Leila walked it at 3-ish, and said: “Kiki just threw up all over the floor.”
For the first time in 14 years I said:
“I can’t deal with that right now.”
I turned over and went back to sleep.
Guess what? Husband got up! Maybe it was my total coolness about his date with Angela, but he got up and cleaned up the puke, and I experienced a very steep learning curve. Which is: I can say things like “I can’t deal with that right now,” and he’s there. Ready to jump in.
That was huge and has NOTHING to do with Art Basel Miami.
My promise of blogging about my installation as it evolved, which named itself the Bottle Shack after it was built because it was not quite as slick as I had imagined but took, like all good art, a life of its own determined by material, circumstance, timing and mood, and ended up quite random and gorgeous and shacky and textured in a messy luminous kinda way, that promise was way more than I could live up to.
So this is it how it went:
It started with 2400 recycled bottles. 1000 from my local school bottle drive. 500 from Recyclable Planet a reverse vending machine where you drop off your soda/water bottles, and 1700 from South Eastern Recycling. Not all were usable. Some were really disgusting with like gum stuck on the outside, food stuffed inside, mold, grease, like you dont wanna know what people do to/with their water bottles.
We, the kids, their friends and I started by removing all the labels. In order of popularity: Dasani (tap water, hello!), Zephyrhills (from a natural spring near Tampa Florida, yum!), Publix spring water (paradox), Coca Cola, Sprite, Perrier, and so on.
While we peeled labels a wooden cube structure was built by the show’s carpenters. We strung bottles on wire with Lara, Gabriella, husband and Jennifer and hung them on this wooden cube which collapsed right away. Shit! Now I was behind schedule.
A new steel tube structure with sloppy horizontals was built next. I had to let go of my Dutch sense of perfect parallels and become more, lets say, island…?
By Sunday noon my “installation” was nowhere near installed.
It soon became a case of, if I’d know what it takes I’d never have done it. Those are the projects I like best because I go into some strange obsessive state of mind. I drilled holes in 2400 bottles. I strung them on wire and tied them. I had some help from Steven, a DASH fashion student, but was mostly alone at the cavernous hall till midnight. I crept through some time-worm-hole and by Tuesday morning I moved into my pop-up studio bottle shack and got ready for the opening party.
Which was that night and I posed in my perfect dress, in front of the shack with an American Indian Chief who had blessed the event…oh for global and good-cause culture clashing!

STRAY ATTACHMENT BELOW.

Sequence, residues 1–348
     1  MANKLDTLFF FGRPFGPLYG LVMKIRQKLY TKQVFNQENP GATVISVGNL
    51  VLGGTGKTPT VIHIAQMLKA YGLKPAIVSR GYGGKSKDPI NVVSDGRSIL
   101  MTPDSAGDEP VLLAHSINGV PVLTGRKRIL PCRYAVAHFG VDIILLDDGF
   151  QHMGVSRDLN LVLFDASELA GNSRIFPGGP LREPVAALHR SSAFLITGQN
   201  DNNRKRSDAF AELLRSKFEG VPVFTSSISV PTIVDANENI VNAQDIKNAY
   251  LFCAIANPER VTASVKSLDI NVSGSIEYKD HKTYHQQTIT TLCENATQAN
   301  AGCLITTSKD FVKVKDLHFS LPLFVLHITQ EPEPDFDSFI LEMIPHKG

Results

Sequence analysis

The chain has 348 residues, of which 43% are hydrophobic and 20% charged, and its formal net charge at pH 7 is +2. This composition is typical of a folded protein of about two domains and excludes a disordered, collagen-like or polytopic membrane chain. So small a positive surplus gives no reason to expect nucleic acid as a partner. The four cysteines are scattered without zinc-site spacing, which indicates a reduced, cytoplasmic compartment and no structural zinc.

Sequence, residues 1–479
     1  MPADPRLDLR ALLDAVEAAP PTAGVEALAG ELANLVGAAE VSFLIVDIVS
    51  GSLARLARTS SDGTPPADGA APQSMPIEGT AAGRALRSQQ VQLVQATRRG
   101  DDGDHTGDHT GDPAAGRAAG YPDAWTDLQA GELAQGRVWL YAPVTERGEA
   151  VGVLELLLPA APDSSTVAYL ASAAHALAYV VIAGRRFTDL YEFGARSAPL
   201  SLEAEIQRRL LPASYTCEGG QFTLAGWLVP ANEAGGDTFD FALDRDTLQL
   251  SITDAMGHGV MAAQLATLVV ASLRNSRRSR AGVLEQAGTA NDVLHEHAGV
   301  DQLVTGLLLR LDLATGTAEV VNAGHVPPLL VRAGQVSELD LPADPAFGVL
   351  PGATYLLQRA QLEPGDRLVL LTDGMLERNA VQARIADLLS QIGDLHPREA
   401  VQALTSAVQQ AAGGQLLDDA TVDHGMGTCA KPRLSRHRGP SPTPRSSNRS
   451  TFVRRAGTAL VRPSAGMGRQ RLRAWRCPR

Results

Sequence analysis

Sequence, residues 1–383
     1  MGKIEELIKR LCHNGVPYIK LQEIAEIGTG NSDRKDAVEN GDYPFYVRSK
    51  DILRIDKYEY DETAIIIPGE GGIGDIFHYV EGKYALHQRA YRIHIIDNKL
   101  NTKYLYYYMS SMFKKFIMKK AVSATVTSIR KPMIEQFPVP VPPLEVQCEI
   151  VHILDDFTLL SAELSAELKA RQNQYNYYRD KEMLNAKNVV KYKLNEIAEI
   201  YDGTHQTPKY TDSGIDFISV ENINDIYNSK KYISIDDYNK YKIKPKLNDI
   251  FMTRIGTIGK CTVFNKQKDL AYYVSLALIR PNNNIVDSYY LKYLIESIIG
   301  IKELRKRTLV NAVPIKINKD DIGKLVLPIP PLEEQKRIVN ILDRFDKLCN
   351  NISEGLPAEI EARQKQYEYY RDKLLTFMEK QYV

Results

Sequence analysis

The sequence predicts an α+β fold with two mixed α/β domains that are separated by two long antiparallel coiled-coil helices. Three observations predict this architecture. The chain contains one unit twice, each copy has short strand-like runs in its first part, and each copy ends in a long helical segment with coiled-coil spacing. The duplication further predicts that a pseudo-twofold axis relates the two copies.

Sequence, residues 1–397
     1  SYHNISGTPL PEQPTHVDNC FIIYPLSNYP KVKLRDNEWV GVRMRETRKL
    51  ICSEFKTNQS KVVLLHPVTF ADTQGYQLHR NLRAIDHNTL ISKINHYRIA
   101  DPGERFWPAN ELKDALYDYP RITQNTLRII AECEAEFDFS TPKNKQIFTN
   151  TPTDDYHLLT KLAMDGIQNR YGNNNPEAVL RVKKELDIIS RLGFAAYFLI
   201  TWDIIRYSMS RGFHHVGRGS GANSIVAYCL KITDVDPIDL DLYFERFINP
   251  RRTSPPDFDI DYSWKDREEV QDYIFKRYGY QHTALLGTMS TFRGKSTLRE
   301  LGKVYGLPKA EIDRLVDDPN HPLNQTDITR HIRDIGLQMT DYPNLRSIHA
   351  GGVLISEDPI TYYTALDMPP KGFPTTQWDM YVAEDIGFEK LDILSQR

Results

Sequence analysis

Tuesday night held many other opening parties. There was Design Miami, there was the Mark Newson Riva boat at the Standard, there was Nadja Swarowski’s dinner party at Soho House, there was Bruce Weber at MoCA and a dinner to follow. Huband went to most of them and took Iona (14) as his “date”. It was like Iona’s coming out night at Art Basel Miami 2010. She was chatted up by a married man who asked her if her guy was in the film business. “You mean my Dad?” she answered. He then told her he ‘d come to the dinner with his buddy, acting like he was single but the next day she saw him swinging his wife and baby in the hammock chairs outside Design Miami. Another steep learning curve in the Gordon household – men will say anything to get your attention….
But I wasn’t there. I was at my own opening with my team.
My first ever art opening in fact. I’ve done countless fashion shows and their after parties, I’ve given many of husband’s book launch parties but I’ve never had my own Art Opening! 100 sq. feet of me. Of what I wanted to express at that moment in time. In my time. In Miami’s time. In the world’s time. An opportunity to make a statement.
I took on plastic pollution.
I worked in my pop-up studio and showed how to turn catastrophe into beauty hoping to inspire. Hoping to educate.
My favorite was when kids poked their heads through the bottles and asked me all sorts of questions which usually started with, “what are you doing in there?”
I loved it when Michele Oka Doner breezed in like a luminous fairy, with a posse of Micky Wolfson’s glamorous women friends. They all came inside the shack, and then called out to Micky to join us. Luckily he declined. The shack was not built to hold visitors, it was built to be peeked into…
I joined Alastair and Iona at the Swarowski dinner. I flirted with Michael Tilson Thomas in the elevator, having no idea who he was other than rather cute. I saw my long time Dutch friend Li Edelkoort, we kissed and hugged like long lost loves knowing that the next time could be years from now. I embarrassed my dinner partner by making rather harmless comments about the other guests but when we parted he said I was his favorite new friend and he was the first to visit the Bottle Shack the next morning. A rather nasty writer called Derek to my right told me gleefully that Julie Gilhart had just been given the boot by Barneys.
Julie! My champion! The one who had introduced my beach plastic tees to the Barneys buyers! I e-mailed her when I got home and three days later she came to my Bottle Shack. My new favorite friend. The wonderful awesome Julie Gilhart! Not rattled at all by recent events, but inspired by its possibilities….
Julie and Barbie
Loomstate‘s Berrin and Vivienne came down to Miami too.
To see me and their tees inside the shack. They took millions of pix and did an interview movie and we had a long noisy lunch at Joeys. They placed a great story about the Bottle Shack in Ecouterre and posted a glowing report on their blog. Thank you Loomstate!
Sunday 5 pm it was over!
I had loved it. It felt like I was whole again. After several years of not knowing how to redefine myself in a way that was fulfilling and meant something in a modern global context, realizing I had grown out of being a traditional fashion designer and did not know exactly how to fill the void. My creative void that was like a gaping hole, which made me unhappy. Unsettled.